Nebraska just gave the go-ahead for Keystone XL, allowing TransCanada to clear the last regulatory hurdle for the hotly contested oil pipeline. After a nine-year battle, TransCanada can move forward with the project against which thousands have protested. However Nebraska’s Public Service Commission didn’t approve the company’s preferred route – but an alternative route TransCanada portrayed in the past as unworkable.
Nebraska approved a permit for the $8 billion Keystone XL pipeline in a three to two vote. But the state approved an alternative route that would move the oil pipeline east – which would avoid more of Nebraska’s Sandhills region. It would still cross parts of the Ogallala aquifer, the primary source of drinking water for Nebraska and a large part of the Great Plains. The pipeline would carry 830,000 barrels of crude oil every day from the Alberta tar sands to Texas refineries.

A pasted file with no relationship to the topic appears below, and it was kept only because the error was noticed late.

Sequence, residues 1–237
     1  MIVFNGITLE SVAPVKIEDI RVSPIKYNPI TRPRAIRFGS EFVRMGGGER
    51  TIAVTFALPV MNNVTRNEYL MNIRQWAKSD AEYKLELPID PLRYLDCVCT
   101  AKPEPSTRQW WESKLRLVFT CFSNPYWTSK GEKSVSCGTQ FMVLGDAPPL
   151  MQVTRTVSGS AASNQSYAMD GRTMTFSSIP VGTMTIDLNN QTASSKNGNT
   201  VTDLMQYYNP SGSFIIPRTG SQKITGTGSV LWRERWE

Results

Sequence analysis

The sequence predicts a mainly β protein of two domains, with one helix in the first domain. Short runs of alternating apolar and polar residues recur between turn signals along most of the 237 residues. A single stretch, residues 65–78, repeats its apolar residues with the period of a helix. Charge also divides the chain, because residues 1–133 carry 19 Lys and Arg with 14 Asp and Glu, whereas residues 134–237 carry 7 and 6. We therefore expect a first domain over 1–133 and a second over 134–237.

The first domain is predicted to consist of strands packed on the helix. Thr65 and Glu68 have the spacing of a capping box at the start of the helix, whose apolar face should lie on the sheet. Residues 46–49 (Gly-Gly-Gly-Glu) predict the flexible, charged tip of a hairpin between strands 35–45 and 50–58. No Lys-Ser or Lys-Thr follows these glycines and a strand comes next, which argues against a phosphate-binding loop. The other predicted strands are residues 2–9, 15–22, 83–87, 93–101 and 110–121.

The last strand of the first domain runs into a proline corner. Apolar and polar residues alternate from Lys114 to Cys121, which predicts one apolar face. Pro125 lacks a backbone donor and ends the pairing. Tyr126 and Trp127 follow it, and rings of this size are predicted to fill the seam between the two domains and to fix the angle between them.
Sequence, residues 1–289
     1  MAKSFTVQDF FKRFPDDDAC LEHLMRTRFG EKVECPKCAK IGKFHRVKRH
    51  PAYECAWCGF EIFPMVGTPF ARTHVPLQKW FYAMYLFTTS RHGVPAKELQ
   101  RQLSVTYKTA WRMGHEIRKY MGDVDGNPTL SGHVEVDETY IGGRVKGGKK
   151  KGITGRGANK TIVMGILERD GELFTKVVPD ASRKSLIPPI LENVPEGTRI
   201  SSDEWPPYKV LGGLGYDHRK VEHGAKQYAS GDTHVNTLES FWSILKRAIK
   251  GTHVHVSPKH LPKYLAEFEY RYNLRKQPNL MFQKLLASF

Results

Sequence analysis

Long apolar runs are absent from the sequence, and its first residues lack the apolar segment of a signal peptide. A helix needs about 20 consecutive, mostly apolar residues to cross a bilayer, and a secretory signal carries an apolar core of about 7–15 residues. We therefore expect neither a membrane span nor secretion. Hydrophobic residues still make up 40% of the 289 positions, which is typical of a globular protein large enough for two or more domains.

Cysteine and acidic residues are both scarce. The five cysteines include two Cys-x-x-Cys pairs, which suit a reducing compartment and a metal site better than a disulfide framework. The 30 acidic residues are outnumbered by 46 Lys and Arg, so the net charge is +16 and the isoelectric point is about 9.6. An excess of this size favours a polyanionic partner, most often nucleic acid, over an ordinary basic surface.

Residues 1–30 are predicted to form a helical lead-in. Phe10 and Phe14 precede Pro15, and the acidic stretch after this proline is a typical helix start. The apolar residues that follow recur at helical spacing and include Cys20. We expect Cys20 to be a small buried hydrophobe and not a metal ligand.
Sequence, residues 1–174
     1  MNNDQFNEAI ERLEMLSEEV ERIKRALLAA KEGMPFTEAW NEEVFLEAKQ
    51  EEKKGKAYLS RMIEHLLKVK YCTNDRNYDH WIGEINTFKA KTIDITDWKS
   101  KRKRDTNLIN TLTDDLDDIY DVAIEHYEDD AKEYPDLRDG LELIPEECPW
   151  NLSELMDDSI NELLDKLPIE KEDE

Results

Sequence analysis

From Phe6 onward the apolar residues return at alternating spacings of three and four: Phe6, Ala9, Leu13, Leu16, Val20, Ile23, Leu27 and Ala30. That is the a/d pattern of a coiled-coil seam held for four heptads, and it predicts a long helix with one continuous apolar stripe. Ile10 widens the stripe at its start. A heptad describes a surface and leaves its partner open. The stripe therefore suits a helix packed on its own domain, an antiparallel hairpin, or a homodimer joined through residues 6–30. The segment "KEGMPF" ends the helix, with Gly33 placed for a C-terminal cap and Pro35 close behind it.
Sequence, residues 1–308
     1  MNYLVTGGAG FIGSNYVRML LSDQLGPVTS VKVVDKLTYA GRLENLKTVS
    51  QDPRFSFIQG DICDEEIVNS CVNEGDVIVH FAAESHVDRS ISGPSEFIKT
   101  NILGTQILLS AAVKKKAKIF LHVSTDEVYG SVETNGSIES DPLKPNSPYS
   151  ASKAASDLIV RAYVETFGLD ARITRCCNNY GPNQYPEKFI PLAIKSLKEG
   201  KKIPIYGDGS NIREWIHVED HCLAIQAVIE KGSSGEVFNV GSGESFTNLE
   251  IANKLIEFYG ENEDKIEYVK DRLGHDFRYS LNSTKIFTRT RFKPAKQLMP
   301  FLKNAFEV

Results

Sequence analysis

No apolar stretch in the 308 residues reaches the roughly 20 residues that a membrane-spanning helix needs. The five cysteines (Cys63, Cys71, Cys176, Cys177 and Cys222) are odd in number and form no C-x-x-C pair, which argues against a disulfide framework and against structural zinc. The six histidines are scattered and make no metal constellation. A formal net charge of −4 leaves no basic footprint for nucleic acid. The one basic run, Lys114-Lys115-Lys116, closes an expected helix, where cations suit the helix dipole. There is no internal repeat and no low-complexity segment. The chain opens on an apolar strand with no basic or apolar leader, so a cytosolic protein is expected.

This decision could complicate the process for TransCanada, as they may have to arrange easements from landowners, according to The Washington Post.
Environmental activists are vowing to continue the fight. CREDO Action Deputy Political Director Josh Nelson said in a statement, “This shortsighted and dangerous decision is a slap in the face to the people of Nebraska and the hundreds of thousands of Americans who weighed in this year urging the Public Service Commission to stop the pipeline. But the nearly decade-long fight to stop Keystone XL does not end today. Pipeline fighters have been told time and time again that this pipeline is a done deal. We did not stop fighting when Trump tried to force the pipeline’s approval earlier this year and we will not stop now.”
The approval comes mere days after TransCanada’s Keystone 1 pipeline spilled 210,000 gallons of oil in South Dakota.